Many cereals are fortified with vitamin D

No Knowledge of Vitamin K2

You may have heard of Vitamin K that is found in dark leafy vegetables, this is known as Vitamin K1. But, have you heard about Vitamin K2?

Vitamin K2 is usually found in animal and fermented foods. Recent research suggests it plays a vital role in blood clotting, calcium metabolism and heart health. 

It’s thought that it promotes calcification of bones. Basically, it keeps your bones hard and strong. Controlled human studies have shown Vitamin K2 generally improves bone health but Vitamin K1 does not. Other studies conducted showed a 52% less chance of artery calcification in those who got the right amount of K2. 

But should vegans be worried? 

More research is required but most studies suggest that there is no real danger to vegans but we should try eating more of the following fermented foods:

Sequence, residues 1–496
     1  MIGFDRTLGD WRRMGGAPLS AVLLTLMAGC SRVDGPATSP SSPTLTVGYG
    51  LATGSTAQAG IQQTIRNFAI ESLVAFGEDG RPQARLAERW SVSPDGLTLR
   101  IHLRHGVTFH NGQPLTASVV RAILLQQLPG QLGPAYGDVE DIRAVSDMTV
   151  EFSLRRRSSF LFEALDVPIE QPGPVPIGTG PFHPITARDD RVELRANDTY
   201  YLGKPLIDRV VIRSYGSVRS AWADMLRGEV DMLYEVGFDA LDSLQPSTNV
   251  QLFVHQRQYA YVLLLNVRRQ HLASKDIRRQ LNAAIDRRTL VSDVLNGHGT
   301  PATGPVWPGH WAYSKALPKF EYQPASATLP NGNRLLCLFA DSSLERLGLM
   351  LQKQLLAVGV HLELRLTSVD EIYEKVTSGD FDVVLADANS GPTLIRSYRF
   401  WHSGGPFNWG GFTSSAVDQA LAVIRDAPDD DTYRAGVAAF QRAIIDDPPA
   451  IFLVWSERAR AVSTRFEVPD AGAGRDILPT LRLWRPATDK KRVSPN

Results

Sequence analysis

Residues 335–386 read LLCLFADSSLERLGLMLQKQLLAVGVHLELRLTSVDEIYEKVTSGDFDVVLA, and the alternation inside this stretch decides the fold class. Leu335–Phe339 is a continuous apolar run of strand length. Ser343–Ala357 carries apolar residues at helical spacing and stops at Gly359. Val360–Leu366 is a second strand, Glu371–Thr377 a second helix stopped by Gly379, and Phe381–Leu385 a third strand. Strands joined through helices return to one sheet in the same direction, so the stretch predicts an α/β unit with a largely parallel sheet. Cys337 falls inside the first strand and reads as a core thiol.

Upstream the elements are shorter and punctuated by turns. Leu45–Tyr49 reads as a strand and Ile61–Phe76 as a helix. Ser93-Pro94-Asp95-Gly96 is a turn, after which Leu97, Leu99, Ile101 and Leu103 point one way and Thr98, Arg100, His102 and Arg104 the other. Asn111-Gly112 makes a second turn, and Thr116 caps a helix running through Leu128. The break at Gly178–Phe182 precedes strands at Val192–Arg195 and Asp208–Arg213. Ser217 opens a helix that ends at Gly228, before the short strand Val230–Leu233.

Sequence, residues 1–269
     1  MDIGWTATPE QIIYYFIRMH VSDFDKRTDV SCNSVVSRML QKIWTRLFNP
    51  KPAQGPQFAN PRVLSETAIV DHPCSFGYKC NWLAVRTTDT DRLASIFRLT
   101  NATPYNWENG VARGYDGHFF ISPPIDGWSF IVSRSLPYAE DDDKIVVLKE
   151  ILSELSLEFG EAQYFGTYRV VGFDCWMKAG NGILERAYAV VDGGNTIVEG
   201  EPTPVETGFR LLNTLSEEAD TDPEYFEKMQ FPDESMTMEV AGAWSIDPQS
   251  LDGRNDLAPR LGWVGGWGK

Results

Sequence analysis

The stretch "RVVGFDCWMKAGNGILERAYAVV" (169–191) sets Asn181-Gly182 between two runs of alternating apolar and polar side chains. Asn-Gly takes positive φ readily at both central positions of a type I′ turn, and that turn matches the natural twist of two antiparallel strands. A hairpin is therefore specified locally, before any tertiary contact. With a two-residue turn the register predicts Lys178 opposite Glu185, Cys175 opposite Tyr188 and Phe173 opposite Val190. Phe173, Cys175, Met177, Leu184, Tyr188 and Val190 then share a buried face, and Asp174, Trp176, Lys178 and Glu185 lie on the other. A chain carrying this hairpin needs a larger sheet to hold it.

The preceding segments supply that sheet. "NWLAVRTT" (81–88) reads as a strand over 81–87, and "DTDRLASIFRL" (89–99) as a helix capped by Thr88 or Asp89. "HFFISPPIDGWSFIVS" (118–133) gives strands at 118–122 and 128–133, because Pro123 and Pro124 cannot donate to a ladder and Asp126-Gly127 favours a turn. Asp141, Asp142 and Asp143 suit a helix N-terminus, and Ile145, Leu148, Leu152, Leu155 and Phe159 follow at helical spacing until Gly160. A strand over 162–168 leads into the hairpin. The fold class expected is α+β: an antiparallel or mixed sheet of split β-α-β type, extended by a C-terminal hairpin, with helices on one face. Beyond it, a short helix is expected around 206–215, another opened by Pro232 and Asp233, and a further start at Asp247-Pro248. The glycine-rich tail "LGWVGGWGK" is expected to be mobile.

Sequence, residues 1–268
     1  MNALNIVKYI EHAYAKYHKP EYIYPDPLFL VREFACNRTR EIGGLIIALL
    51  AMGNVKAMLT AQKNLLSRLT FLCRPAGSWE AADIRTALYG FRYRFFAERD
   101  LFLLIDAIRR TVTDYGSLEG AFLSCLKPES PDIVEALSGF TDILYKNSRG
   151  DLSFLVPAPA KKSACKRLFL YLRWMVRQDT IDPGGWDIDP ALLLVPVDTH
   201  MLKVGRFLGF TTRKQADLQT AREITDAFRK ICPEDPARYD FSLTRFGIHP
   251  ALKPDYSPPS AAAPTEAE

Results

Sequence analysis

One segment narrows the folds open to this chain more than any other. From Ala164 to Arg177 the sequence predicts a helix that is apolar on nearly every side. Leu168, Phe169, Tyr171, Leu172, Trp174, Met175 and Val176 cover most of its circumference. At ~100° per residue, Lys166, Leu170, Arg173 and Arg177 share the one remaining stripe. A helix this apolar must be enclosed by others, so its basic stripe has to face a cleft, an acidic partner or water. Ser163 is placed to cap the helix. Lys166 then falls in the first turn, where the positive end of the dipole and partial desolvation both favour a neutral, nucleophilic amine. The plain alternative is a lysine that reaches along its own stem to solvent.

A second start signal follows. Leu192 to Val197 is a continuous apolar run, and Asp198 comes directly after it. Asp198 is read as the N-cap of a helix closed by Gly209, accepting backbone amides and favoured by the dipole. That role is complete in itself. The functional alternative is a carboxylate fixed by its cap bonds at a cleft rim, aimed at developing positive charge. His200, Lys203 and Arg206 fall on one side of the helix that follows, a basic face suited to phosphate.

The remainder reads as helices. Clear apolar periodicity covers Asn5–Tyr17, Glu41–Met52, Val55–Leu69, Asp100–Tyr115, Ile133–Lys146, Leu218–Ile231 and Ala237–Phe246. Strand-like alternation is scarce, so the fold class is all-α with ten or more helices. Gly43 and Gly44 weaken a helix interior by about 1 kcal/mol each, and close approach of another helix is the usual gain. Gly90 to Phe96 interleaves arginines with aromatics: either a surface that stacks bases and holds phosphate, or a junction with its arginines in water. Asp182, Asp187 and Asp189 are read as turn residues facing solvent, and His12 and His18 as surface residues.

• Kimchi (make sure it is shrimp paste free!)
  • Sauerkraut
  • Tempeh

Some researchers believe fermented foods are the key to a healthier gut and to a longer life.

Kimchi is a source of Vitamin K2, it tastes great too!

Healthy Lifestyle Habits

Good bone health goes beyond the food you eat. Alongside eating a healthy and well-balanced diet there are lifestyle habits that help promote calcium absorption and bone health.

Stay Active — In particular do frequent weight bearing exercises such as walking, hiking, tennis, yoga and even just taking the stairs.

Supplementation—If you unable to be active or getting sunshine is not practical you could opt for a good calcium supplement.

Maintain Healthy Body Weight – Try to keep an optimal weight for your height and age.

Avoid Smoking and Heavy Drinking – Both of these poor habits interfere with the balance of calcium in the body and should be avoided.

 Bottom Line

  • Eat adequate amounts of foods high in calcium
  • Avoid foods high in oxalates
  • Increase Vitamin D and Vitamin K intake
  • Exercise regularly
  • Maintain a healthy body weight
  • Avoid smoking and excessive alcohol drinking